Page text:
Arizona State University College of Liberal Arts and Sciences
Chicana and Chicano StudiesLatino Health Issues

Why is Obesity Important for Latinos?


The Latino community has a much greater rate of obesity than the population in general. According to a survey conducted by the Center for Disease Control (CDC) from 1999-2000, 34.4% of Mexican American adults were obese and about 14% of Mexican American adolescents were overweight. Unfortunately, there is no similar data for the Latino community at large.

Acculturation into the United States is partially responsible for the increase in obesity of Latinos. This is shown by the increased likelihood for Latino children born in the U.S. by immigrant parents to be obese. They are more than twice as likely to become overweight than foreign-born Latinos who move to the U.S. Once Latinos arrive in the U.S., they tend to eat more fried foods, and less fruit. They also tend to eat more meat, and a less varied diet than the average American. In addition, upon acculturation into the U.S., Latinos are less active and take part in less exercise, and more sedentary activities like watching television and playing video games.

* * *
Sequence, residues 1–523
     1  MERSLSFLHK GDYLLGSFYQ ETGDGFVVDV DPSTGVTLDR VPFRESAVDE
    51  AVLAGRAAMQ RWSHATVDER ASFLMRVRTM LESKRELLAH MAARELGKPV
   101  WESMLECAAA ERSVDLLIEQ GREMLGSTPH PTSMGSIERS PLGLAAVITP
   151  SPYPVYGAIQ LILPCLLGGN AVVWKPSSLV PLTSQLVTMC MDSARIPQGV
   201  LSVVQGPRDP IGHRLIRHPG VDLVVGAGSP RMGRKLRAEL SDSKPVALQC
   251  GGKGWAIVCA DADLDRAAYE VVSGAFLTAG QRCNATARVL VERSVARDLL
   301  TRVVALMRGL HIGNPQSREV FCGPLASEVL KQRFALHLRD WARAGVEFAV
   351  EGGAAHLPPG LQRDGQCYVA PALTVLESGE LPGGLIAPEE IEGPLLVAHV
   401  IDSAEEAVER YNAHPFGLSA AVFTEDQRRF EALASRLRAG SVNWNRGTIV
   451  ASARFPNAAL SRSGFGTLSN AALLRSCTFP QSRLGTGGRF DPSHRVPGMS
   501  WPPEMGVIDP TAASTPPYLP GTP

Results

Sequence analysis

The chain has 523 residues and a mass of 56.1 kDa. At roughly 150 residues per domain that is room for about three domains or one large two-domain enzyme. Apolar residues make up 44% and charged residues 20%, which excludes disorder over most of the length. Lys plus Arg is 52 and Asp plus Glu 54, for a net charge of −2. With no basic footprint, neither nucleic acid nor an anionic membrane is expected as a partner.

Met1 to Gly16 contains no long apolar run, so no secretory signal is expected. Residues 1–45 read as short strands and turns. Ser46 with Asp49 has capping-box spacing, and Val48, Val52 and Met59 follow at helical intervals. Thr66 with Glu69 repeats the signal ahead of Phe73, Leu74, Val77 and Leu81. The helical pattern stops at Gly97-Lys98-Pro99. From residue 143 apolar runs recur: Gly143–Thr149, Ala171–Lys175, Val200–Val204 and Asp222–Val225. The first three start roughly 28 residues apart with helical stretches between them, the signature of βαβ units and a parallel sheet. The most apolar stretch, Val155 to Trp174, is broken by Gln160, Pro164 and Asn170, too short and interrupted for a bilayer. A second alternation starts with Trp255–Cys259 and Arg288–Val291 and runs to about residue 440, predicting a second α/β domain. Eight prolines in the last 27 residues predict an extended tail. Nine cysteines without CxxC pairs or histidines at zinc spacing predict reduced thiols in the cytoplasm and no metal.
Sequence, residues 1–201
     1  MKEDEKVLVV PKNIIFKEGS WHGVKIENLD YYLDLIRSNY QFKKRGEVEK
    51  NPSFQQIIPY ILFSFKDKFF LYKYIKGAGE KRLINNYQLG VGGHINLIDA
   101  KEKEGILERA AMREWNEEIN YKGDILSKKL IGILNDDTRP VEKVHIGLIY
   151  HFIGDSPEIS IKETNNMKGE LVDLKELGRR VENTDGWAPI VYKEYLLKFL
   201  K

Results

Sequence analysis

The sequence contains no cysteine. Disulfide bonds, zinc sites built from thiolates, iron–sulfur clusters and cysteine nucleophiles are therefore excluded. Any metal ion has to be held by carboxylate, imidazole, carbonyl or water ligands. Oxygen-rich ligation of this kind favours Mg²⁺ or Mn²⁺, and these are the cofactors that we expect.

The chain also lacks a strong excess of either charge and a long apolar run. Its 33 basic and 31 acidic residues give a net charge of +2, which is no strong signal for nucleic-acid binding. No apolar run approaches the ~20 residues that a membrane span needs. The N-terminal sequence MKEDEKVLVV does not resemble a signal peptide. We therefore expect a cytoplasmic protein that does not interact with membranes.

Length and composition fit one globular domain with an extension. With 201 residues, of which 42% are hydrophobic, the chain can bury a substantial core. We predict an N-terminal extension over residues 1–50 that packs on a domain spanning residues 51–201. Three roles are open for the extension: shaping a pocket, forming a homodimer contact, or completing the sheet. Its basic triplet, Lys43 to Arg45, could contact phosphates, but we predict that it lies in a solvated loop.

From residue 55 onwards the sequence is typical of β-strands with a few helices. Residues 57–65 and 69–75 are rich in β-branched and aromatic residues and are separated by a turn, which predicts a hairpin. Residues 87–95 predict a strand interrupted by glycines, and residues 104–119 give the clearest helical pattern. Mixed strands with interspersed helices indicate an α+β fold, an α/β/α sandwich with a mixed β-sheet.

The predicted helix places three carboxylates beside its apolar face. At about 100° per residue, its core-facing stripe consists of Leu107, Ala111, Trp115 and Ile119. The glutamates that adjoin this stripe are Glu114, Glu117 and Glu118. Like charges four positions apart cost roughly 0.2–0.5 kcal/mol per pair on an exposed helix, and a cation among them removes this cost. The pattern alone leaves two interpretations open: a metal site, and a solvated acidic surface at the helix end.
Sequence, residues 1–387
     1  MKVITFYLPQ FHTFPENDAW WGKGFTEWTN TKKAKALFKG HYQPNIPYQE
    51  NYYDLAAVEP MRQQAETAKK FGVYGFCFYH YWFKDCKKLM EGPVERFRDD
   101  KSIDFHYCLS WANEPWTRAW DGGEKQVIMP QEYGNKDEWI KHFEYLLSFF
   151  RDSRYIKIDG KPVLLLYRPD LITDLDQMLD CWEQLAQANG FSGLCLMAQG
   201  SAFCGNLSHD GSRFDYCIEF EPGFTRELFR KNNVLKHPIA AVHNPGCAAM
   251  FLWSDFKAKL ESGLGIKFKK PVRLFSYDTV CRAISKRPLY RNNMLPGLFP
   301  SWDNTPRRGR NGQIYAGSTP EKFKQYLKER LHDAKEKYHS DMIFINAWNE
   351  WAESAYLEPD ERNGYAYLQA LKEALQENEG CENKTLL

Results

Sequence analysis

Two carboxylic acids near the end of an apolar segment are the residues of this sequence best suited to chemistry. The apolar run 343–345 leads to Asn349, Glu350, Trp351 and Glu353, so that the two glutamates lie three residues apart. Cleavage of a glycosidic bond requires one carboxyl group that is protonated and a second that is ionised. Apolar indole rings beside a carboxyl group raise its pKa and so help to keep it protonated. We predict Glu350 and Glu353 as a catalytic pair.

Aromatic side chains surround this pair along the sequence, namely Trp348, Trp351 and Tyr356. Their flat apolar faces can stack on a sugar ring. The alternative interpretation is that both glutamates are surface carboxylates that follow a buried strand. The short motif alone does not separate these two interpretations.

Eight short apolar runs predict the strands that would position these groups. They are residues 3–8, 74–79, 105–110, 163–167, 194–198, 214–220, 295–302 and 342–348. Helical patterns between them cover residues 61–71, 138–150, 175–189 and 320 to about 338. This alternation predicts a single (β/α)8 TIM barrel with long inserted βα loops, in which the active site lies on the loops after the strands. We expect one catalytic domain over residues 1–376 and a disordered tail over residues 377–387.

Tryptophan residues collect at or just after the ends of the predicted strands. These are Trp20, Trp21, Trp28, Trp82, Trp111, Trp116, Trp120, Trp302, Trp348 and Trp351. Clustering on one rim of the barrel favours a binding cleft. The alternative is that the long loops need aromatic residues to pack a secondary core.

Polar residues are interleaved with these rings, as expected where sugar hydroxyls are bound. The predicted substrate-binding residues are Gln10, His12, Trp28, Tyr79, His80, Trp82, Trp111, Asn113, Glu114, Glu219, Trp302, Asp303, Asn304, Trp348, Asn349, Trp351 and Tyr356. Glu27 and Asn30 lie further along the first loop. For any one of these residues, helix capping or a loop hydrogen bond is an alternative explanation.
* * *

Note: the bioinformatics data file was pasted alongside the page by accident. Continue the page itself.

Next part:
Socioeconomic status is another factor that adds to obesity among Latinos. 27% of Latinos in the U.S. live below the poverty level. The cost of food, especially healthy food is expensive. Cheaper food, like fast food, tends to be more fattening, but could be more appealing to Latinos. Due to the low socioeconomic status of Latinos, some are forced to eat fast food frequently because of cost, and others because of lack of time for preparing meals.

While there are many factors that go into the high rates of obesity in the Latino community, none of them are too tough to overcome. With the proper information and increased attention to healthy habits, the fight against obesity can be won.

family eating at McDonald's

Accessibility | Privacy | ASU Disclaimer This site was created by Dan Abrams in fulfillment of requirements for the course CSS 335: Latino Health Issues taught by Dr. Szkupinski Quiroga at Arizona State University, Spring 2007.